Anglo-Saxon England, the ancestors of the Hunderwoold surname lived in a forest, below a forest on a hillside, or in either of the settlements called Underwood in Derbyshire or Nottinghamshire. The surname Hunderwoold belongs to both the category of habitation names, which are derived from pre-existing names for towns, villages, parishes, or farmsteads, and the class of topographic surnames, which were given to people who resided near physical features such as hills, streams, churches, or types of trees.
Early Origins of the Hunderwoold family
Derbyshire at Underwood, a liberty, in the parish of Ashbourn, hundred of Wirksworth. Underwood is also a hamlet, in the parish of Selston, union of Basford in Nottinghamshire, but it is the former from where the family originated. CITATION[CLOSE]
Lowe, Mark Anthony, Patronymica Britannica, A Dictionary of Family Names of the United Kingdom. London: John Russel Smith, 1860. Print. Literally the place names mean "place within or near a wood," from the Old English "under" + "wudu." CITATION[CLOSE]
Mills, A.D., Dictionary of English Place-Names. Oxford: Oxford University Press, 1991. Print. (ISBN 0-19-869156-4)
However, we must look to Suffolk for the first records of the surname for it is there in 1188 William de Underwode was found. A few years later in Yorkshire, William Underwude de Clokton was listed in the Assize Rolls of 1219. William Under the Wode was listed in the Subsidy Rolls of Staffordshire in 1332. CITATION[CLOSE]
The Hundredorum Rolls of 1273 had two listings: John Underwode in Oxfordshire; and Hugh Underwod in Cambridgeshire. Robertus Vndrewode was listed in a Latin form of then name in the Yorkshire Poll Tax Rolls of 1379. CITATION[CLOSE]
Early History of the Hunderwoold family
This web page shows only a small excerpt of our Hunderwoold research.
Another 196 words (14 lines of text) covering the years 163 and 1632 are included under the topic Early Hunderwoold History in all our PDF Extended History products and printed products wherever possible.
Hunderwoold Spelling Variations
It is only in the last few hundred years that the English language has been standardized. For that reason, early Anglo-Saxon surnames like Hunderwoold are characterized by many spelling variations. As the English language changed and incorporated elements of other European languages, even literate people changed the spelling of their names. The variations of the name Hunderwoold include: Underwood, Underwoode and others.
Early Notables of the Hunderwoold family (pre 1700)
More information is included under the topic Early Hunderwoold Notables in all our PDF Extended History products and printed products wherever possible.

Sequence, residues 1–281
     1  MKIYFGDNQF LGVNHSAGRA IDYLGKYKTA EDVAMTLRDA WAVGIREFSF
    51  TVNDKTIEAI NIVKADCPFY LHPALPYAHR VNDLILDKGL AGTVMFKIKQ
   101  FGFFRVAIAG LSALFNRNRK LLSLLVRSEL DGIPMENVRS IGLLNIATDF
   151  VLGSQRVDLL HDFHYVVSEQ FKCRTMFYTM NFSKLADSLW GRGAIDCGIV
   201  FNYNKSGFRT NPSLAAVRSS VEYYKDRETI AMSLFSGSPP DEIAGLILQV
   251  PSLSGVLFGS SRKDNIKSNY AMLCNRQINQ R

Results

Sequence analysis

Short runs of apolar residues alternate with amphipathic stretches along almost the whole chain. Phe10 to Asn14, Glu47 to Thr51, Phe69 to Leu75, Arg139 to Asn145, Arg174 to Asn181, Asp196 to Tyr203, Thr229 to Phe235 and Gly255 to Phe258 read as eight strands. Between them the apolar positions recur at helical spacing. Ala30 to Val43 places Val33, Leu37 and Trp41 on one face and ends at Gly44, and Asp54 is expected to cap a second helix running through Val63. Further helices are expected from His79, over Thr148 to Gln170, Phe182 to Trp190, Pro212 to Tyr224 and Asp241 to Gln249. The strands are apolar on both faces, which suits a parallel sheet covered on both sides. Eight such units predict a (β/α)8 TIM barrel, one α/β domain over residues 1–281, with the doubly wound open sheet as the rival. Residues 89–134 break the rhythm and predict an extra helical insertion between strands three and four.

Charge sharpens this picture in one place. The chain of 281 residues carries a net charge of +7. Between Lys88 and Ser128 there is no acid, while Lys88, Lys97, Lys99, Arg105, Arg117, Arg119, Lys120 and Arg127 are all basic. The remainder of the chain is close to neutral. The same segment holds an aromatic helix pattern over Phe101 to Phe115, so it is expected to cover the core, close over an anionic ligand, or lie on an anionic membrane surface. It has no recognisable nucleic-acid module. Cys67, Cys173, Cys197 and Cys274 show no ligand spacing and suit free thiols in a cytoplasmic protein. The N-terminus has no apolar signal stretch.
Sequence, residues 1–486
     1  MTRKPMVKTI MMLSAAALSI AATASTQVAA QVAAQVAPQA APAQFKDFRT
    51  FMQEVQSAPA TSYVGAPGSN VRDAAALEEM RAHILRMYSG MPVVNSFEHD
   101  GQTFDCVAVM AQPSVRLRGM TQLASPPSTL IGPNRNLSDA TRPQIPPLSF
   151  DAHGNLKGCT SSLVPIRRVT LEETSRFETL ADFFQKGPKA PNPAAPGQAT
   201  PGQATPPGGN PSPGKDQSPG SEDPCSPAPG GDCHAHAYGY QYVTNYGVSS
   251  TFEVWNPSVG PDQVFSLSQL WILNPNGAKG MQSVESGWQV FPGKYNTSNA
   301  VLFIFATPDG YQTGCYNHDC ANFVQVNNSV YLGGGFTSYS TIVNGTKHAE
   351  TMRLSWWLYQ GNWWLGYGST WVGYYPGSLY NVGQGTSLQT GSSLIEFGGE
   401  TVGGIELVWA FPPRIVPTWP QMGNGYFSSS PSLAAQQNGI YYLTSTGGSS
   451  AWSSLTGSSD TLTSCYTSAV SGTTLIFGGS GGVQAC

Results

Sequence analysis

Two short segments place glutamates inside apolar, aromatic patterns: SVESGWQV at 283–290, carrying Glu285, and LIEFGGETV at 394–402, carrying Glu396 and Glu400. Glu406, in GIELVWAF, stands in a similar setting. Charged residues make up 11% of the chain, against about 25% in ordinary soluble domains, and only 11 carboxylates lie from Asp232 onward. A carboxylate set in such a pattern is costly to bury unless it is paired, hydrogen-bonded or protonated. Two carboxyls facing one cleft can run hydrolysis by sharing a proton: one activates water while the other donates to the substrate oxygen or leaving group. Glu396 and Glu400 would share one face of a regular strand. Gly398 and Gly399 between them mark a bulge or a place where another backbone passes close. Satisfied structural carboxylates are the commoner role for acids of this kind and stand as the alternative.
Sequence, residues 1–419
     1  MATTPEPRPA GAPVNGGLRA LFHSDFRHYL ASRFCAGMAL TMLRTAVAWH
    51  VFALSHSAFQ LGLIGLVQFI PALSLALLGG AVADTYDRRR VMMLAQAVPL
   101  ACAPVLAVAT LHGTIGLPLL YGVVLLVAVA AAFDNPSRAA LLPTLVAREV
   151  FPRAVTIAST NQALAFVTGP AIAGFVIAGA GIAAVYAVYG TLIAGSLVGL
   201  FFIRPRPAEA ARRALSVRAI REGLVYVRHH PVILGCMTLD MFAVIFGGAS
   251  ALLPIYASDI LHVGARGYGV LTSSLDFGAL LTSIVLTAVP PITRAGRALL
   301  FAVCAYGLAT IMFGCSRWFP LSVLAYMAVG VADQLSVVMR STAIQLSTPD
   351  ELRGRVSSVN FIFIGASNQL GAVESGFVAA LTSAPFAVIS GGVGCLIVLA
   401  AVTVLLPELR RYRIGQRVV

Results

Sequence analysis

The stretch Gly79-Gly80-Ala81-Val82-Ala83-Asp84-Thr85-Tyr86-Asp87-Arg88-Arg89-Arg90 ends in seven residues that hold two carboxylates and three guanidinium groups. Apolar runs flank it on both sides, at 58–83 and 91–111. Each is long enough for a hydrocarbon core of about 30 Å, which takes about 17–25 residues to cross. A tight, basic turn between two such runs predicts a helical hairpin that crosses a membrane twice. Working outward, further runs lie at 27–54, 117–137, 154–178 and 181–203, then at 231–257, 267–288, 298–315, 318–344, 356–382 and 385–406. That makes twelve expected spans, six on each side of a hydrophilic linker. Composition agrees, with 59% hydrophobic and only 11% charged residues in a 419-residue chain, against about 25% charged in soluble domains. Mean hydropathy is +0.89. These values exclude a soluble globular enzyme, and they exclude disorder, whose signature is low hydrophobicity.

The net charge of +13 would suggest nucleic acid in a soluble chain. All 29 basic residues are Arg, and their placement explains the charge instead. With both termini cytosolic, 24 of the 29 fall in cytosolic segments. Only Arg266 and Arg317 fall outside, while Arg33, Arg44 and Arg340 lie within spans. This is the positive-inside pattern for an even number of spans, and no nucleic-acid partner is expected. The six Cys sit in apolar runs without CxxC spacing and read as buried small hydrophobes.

Migration of the Hunderwoold family to Ireland
Some of the Hunderwoold family moved to Ireland, but this topic is not covered in this excerpt.
Another 45 words (3 lines of text) about their life in Ireland is included in all our PDF Extended History products and printed products wherever possible.
Migration of the Hunderwoold family to the New World and Oceana
Many English families tired of political and religious strife left Britain for the new colonies in North America. Although the trip itself offered no relief - conditions on the ships were extremely cramped, and many travelers arrived diseased, starving, and destitute - these immigrants believed the opportunities that awaited them were worth the risks. Once in the colonies, many of the families did indeed prosper and, in turn, made significant contributions to the culture and economies of the growing colonies. An inquiry into the early roots of North American families has revealed a number of immigrants bearing the name Hunderwoold or a variant listed above: James Underwood settled in Salem, Massachusetts in 1630; Giles Underwood settled in Virginia in 1663; Martin Underwood and his wife Martha settled in Boston Massachusetts in 1634.
The Hunderwoold Motto
The motto was originally a war cry or slogan. Mottoes first began to be shown with arms in the 14th and 15th centuries, but were not in general use until the 17th century. Thus the oldest coats of arms generally do not include a motto. Mottoes seldom form part of the grant of arms: Under most heraldic authorities, a motto is an optional component of the coat of arms, and can be added to or changed at will; many families have chosen not to display a motto.
Motto: Omnes arbusta juvant
Motto Translation: Groves (Underwood) delight all men.
Hunderwoold Family Crest Products